Is the Recent Productivity Boom Over?


Daniel Wilson

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FRBSF Economic Letter 2010-28 | September 20, 2010

Productivity growth has been quite strong over the past 2½ years, despite a drop in the second quarter of 2010. Many analysts believe that productivity growth must slow sharply in order for the labor market to recover robustly. However, looking at the observable factors underlying recent productivity growth and the patterns of productivity over past recessions and recoveries, a sharp slowdown appears unlikely.

Labor productivity, defined as output per hour of labor, unexpectedly stalled in the second quarter of 2010, falling by a 1.1% annual rate in the total business sector based on data available through the end of August. This follows 2½ years of generally strong productivity growth, which started when the recession began at the end of 2007. In fact, the annualized 2.5% pace of labor productivity growth during the latest recession, which appears to have ended in mid-2009, was the fourth strongest of the 11 recessions since World War II. Post-recession, from the third quarter of 2009 to the second quarter of 2010, productivity grew at an even faster annual pace of 2.8%, even with the second-quarter drop. This strong growth is one reason for the scant downward movement in the unemployment rate despite moderate GDP gains. Businesses have been able to meet demand for their products and services without hiring new workers or increasing the hours of current staff because they are managing to get more from each hour of labor.

Recent rapid gains in productivity beg the questions of where the growth is coming from and whether it is sustainable. They also raise the question of whether the second-quarter drop was just a temporary blip in an otherwise strong productivity trend or the start of a significant productivity slowdown. The strength of the labor market recovery hinges on the answers to these questions. Many forecasters have predicted moderate GDP growth and a reasonably strong recovery in employment over the next year or two. Such a scenario would require a sharp slowdown in productivity growth to about 1% or less.

This Economic Letter examines the risks to this forecast, first looking at how productivity growth has fared in past recessions and recoveries. Then it considers where recent gains have come from. For example, do they reflect more physical capital relative to labor hours, increases in labor quality, or efficiency gains? The findings suggest that productivity growth for the next year or so might very well exceed forecaster expectations, which would put a damper on employment gains.

Productivity growth in past recessions and recoveries

Figure 1
Productivity growth in recessions (peak to trough)

Percent change in business output per hour, annual rate

Productivity growth in recessions (peak to trough)

Source: Bureau of Labor Statistics (BLS) and author’s calculations.

Productivity growth was strong in the latest recession compared with that registered in past recessions. Figure 1 shows these comparisons using Bureau of Labor Statistics (BLS) seasonally-adjusted quarterly data on real output per labor hour for the nonfarm business sector. Growth rates are annualized to facilitate comparisons among recessions of different durations. The National Bureau of Economic Research Business Cycle Dating Committee, the standard source for recession dates, has determined that the previous expansion peaked, and the recession began, in December 2007. The committee has not yet determined when, or even if, the latest recession ended. Many analysts believe the business cycle trough occurred sometime around the middle of 2009. Here I assume the third quarter of 2009 was the last quarter of the recession. Using the second quarter for the analysis yields qualitatively similar conclusions. Including third-quarter data, productivity grew at an annualized 2.5% rate during the latest recession. Adjusting for changes over time in the underlying trend rate of productivity growth, which is generally thought to have slowed around 1973 and accelerated after 1995, does not change this conclusion.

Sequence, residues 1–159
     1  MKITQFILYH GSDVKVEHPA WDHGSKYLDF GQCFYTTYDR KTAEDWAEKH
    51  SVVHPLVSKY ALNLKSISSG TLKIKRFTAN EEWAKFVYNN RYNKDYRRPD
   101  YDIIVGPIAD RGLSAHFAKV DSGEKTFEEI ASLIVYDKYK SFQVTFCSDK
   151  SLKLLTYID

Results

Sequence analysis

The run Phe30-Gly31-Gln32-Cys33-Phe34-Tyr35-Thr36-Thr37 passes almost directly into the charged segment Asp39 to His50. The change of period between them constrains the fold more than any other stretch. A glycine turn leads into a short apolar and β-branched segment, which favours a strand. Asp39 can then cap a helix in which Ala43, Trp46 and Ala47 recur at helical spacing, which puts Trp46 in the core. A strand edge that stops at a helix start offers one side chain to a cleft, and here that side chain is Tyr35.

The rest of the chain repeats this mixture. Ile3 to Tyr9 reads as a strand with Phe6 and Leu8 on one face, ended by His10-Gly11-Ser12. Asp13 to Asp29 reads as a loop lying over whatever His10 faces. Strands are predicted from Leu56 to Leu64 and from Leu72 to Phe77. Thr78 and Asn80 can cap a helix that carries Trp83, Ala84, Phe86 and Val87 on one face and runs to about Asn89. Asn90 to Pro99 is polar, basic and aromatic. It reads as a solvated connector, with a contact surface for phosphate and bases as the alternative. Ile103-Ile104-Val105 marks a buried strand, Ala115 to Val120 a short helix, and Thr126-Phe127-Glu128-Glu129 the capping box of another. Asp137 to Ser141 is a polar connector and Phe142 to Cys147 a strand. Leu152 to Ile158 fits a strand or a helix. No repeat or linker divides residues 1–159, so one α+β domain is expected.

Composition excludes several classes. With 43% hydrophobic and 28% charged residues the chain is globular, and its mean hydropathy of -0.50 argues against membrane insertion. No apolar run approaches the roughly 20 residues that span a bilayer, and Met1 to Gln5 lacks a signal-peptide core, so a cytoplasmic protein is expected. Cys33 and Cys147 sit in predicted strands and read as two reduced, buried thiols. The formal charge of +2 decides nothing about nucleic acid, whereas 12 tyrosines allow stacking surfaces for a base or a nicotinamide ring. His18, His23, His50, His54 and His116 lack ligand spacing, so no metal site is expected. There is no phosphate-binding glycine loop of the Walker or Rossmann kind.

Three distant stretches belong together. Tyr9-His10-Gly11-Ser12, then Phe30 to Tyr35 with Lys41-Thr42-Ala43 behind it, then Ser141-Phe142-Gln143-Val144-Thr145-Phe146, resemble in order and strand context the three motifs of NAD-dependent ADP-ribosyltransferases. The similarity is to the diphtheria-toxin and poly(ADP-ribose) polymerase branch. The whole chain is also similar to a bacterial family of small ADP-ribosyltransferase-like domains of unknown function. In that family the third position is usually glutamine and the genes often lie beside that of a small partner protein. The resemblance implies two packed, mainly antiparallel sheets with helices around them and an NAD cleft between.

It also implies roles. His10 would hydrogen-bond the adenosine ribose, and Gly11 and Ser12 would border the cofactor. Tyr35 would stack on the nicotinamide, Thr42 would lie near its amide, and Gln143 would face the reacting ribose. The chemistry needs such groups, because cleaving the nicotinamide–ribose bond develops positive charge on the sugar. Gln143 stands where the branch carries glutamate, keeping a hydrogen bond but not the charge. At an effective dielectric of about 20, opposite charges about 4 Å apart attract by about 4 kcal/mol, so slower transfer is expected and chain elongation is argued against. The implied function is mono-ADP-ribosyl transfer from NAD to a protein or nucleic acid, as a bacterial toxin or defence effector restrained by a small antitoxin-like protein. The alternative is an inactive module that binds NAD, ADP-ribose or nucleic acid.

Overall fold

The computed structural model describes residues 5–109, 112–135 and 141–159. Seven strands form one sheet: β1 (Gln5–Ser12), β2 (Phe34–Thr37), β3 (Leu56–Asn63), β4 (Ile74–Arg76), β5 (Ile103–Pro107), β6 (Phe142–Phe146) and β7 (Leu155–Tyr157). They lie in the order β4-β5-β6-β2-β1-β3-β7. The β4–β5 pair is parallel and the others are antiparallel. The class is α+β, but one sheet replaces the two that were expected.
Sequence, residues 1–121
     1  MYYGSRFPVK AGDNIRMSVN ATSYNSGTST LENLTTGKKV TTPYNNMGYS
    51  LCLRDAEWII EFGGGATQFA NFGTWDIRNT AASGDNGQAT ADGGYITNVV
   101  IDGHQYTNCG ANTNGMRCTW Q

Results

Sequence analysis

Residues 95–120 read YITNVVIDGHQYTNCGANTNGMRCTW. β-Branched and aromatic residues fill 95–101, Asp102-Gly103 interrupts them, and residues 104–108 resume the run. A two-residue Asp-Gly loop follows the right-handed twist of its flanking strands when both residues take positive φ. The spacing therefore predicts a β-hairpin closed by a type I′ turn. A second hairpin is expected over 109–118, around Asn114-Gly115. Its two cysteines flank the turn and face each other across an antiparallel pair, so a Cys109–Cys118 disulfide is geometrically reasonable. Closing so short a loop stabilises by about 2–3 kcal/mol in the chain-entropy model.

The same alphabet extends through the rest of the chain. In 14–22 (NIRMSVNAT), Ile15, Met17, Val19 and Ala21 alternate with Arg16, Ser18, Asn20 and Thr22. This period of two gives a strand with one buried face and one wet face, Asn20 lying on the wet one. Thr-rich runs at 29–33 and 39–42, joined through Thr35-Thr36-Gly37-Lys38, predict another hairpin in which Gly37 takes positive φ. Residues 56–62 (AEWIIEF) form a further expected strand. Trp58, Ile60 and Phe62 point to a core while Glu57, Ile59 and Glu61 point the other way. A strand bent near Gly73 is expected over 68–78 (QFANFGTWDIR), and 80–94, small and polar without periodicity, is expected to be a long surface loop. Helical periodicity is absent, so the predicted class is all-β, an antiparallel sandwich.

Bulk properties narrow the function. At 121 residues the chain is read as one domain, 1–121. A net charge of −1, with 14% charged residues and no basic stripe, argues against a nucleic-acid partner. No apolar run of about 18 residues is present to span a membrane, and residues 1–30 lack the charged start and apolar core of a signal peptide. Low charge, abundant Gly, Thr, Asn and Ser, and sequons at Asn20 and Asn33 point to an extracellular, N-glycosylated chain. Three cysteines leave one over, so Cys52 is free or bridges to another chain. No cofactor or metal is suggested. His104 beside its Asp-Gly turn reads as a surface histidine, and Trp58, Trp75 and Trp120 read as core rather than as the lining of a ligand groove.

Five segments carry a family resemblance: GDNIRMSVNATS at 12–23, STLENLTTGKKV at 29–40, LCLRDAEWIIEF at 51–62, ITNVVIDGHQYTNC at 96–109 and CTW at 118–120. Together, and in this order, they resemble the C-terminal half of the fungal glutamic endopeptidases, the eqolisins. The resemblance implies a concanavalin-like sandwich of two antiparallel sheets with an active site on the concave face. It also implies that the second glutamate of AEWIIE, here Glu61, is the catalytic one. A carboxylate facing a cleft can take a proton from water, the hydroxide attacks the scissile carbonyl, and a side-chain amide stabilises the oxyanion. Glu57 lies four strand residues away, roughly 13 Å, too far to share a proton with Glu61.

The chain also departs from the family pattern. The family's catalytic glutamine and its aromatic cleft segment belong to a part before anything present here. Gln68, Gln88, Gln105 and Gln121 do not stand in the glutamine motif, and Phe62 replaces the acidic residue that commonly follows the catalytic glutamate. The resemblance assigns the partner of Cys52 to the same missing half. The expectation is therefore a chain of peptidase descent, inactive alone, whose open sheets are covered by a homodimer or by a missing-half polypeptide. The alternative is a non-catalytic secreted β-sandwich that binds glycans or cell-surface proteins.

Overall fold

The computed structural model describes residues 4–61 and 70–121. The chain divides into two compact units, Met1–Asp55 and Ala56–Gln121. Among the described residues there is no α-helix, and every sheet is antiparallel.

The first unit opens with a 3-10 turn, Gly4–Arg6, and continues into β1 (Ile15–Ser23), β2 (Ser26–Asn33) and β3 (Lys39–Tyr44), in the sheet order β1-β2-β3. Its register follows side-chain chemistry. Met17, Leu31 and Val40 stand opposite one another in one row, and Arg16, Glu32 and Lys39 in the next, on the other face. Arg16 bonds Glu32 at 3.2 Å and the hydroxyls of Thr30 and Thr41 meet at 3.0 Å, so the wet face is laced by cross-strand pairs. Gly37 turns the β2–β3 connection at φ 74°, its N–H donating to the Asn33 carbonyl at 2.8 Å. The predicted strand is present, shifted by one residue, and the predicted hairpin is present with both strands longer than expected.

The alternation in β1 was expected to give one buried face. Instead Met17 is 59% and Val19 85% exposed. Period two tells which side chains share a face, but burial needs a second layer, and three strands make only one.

Figure 2
Labor productivity growth, recession vs. recovery

Growth from peak to trough (x-axis) vs. growth over 8 quarterssince trough (y-axis), annual rate

Labor productivity growth, recession vs. recovery

Source: BLS and author’s calculations.

Does strong productivity growth in a recession predict strong productivity growth in the subsequent recovery? Figure 2 is a scatter plot characterizing the relationship between productivity growth in past recessions and productivity growth in the subsequent recoveries. Each point represents a particular recession-recovery episode. All post-World War II episodes are shown except that of the very short 1980 recession, whose recovery overlapped with the 1982 recession. The value of the point on the x-axis indicates annualized productivity growth during the recession. The value of the point on the y-axis gives the productivity growth rate during the subsequent recovery, which is defined as the eight quarters following recession.

There is a clear positive correlation, as indicated by the fact that those points with high x-axis values, indicating fast productivity growth during the recession, tend also to have high y-axis values, indicating fast productivity growth during the subsequent recovery. The positively sloping line running through the data points is what is known in statistics as a regression fit line, showing the relationship between productivity growth in recessions and productivity growth in subsequent recoveries in the post-World War II data. The vertical line at the value of 2.5% on the x-axis shows productivity growth in the recent recession. The historical relationship between productivity growth in recessions and recoveries, traced by the regression fit line, predicts that productivity growth for the current recovery will be about 3.8%. Because of the sharp productivity drop in the second quarter, the 2.8% productivity growth from the third quarter of 2009 through the second quarter of 2010 is somewhat below this predicted level. Still, this recovery rate of productivity growth is above the rate during the recession and is well over the roughly 1% pace that many private forecasters have predicted. Adjusting the data for estimates of underlying trend productivity growth dampens the positive relationship somewhat, but the correlation remains positive.